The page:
This morning over at VinoWire, Italy’s top wine blogger Mr. Franco Ziliani and I published a translation of a page from a new book on the top wines of Europe by thirty-something Italian journalist Andrea Scanzi.
Aretino-born Andrea is a certified sommelier and a popular journalist. He has written on sports, music, and wine, including Elogio dell’invecchiamento (In Praise of Aging, 2007, Mondadori), in which he chronicles his “search for the 10 best wines of Italy” according to the flap jacket copy.
His current book, Il vino degli altri (Other People’s Wines) was released with great PR fanfare during the annual Italian wine industry trade fair Vinitaly. It wasn’t intended to be a scandalous book. In fact, from what I understand (and I haven’t read the book in its entirety), the book is an attempt to contextualize the great wines of Italy within the macrocosm of their European counterparts.
But his interview with Super Tuscan producer Massimo d’Alessandro of Tenimenti Luigi d’Alessandro — just a few pages in the book — may represent the first instance when a prominent Tuscan winemaker has spoken on the record about last year’s Tuscan wine scandal (10 million liters of wine produced by wineries in Chianti were seized by Italian officials).
The page (131) scanned and posted by Mr. Ziliani on his blog and the subsequent response from Brancaia are remarkable because the texts shed some light, however distorted, on what has really been happening in Tuscan winemaking. Neither observers of Italian wine nor anyone who’s ever spent time with Tuscan winemakers will be surprised by the mention of a famous Tuscan enologist — the first time, to my knowledge, that anyone has mentioned his name on record (even though, off the record, many Tuscan wine professionals will point to this gentleman as the architect of the region’s current ills).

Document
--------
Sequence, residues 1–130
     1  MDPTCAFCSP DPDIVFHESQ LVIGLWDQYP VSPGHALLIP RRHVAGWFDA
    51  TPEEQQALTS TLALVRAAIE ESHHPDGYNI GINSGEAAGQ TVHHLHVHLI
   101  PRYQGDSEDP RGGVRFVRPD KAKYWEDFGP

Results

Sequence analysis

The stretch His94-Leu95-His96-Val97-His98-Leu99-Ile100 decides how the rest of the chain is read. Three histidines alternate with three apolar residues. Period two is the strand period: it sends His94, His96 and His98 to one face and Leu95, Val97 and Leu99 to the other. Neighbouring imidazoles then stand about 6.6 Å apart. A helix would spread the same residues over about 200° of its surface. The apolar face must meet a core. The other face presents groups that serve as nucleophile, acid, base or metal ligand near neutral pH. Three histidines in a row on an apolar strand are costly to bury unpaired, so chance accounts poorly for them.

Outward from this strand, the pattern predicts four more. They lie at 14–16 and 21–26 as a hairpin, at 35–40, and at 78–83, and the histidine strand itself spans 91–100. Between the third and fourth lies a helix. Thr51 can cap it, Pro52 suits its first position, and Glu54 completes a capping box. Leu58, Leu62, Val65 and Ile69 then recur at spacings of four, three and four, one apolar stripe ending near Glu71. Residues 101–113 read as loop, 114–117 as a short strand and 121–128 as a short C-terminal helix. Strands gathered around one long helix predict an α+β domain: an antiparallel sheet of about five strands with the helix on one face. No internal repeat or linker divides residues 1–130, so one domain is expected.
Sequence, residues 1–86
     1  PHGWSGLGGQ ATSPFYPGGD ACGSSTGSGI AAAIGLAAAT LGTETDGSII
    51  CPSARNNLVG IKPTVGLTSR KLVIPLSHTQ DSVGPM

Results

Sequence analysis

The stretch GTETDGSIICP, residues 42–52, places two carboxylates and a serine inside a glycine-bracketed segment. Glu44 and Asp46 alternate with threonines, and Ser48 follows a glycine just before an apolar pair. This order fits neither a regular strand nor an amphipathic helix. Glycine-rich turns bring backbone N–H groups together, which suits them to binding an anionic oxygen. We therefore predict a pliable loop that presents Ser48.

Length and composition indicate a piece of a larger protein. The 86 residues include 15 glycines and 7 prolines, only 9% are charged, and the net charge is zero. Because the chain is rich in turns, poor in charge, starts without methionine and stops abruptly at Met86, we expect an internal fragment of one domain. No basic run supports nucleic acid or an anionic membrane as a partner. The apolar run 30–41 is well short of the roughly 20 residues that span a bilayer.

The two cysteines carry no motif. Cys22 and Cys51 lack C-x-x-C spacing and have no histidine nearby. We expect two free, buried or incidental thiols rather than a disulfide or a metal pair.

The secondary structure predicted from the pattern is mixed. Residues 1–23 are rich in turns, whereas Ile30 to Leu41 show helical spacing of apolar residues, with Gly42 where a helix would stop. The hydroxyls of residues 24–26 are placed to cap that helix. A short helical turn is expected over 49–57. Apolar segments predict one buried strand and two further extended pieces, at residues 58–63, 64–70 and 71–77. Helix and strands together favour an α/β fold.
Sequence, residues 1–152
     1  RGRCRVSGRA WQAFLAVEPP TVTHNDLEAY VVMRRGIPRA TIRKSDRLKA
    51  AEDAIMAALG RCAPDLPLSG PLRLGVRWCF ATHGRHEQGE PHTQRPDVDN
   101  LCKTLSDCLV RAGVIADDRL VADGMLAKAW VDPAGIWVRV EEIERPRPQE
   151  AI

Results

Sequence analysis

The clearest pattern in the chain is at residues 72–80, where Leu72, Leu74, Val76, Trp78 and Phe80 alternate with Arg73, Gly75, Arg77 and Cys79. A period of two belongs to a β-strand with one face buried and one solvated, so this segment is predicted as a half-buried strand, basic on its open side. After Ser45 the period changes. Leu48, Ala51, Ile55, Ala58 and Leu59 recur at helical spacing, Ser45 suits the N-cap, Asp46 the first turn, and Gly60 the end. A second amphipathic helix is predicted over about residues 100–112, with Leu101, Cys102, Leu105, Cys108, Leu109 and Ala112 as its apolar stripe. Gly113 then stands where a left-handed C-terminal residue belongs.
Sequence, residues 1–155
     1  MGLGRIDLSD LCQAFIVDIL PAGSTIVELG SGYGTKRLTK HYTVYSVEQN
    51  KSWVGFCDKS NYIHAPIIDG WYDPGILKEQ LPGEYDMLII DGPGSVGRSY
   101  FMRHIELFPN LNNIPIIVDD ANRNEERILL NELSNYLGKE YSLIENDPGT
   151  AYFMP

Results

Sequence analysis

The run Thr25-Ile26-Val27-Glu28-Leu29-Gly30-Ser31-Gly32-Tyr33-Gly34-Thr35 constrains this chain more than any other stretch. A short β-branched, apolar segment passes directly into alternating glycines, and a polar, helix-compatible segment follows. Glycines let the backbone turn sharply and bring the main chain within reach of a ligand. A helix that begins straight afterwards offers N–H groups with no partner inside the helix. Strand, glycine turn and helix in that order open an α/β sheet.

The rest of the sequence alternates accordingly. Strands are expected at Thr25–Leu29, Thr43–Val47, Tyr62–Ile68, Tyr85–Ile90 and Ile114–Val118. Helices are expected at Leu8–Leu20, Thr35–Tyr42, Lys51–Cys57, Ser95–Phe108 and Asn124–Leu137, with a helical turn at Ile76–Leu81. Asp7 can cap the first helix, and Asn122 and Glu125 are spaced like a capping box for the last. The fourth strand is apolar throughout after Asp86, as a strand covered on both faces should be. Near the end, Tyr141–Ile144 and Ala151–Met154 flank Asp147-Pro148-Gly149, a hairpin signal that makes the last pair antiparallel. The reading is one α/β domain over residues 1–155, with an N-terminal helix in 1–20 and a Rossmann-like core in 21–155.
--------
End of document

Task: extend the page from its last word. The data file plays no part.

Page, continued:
In other news…
Tracie P only begins to bring home tomatoes when they start to come back into season with warmer temperatures (no “winter” greenhouse tomatoes allowed zum Parzen!). Last night we had a delightfully light supper of bruschette rubbed with garlic, drizzled with extra-virgin olive oil (San Giuliano, Alghero, Sardinia), and topped with fresh cherry tomatoes and fresh basil leaves. She also gently sautéed some springtime sweet peas with country ham. The 2008 Pinot Grigio (Friuli) by Scarpetta (Bobby Stuckey’s label, under $20) paired beautifully, especially as it warmed up a little (when too cold, it’s as if you’re only drinking half of the flavor of this wine).
Happy springtime, everyone! :-)